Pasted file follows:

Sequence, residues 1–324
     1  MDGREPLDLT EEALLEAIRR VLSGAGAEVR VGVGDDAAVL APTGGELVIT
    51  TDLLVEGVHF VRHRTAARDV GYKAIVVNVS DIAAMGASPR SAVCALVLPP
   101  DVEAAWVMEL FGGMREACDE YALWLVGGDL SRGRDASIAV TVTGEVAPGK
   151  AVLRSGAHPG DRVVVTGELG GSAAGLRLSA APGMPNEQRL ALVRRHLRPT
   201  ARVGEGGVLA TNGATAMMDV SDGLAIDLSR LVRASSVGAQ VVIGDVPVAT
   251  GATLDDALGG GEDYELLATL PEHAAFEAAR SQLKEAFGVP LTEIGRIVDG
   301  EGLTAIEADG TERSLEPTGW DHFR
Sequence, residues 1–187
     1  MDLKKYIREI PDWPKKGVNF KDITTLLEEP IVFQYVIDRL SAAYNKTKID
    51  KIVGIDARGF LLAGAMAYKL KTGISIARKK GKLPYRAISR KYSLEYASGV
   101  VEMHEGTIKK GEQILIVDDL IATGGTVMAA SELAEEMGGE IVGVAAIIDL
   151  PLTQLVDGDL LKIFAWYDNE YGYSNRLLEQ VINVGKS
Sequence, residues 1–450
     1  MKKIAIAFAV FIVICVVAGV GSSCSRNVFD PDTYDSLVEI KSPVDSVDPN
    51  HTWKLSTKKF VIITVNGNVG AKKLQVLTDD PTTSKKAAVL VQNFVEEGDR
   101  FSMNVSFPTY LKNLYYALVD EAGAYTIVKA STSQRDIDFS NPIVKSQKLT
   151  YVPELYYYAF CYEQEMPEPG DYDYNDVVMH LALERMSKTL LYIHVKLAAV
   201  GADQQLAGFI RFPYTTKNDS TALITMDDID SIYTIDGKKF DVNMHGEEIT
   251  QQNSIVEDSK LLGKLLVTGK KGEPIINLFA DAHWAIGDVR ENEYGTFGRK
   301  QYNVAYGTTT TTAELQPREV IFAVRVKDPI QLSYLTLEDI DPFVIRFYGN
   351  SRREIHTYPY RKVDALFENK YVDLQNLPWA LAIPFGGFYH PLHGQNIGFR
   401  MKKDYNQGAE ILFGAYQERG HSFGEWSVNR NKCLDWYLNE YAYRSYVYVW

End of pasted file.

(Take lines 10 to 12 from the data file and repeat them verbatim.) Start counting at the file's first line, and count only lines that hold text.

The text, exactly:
     1  MDLKKYIREI PDWPKKGVNF KDITTLLEEP IVFQYVIDRL SAAYNKTKID
    51  KIVGIDARGF LLAGAMAYKL KTGISIARKK GKLPYRAISR KYSLEYASGV
   101  VEMHEGTIKK GEQILIVDDL IATGGTVMAA SELAEEMGGE IVGVAAIIDL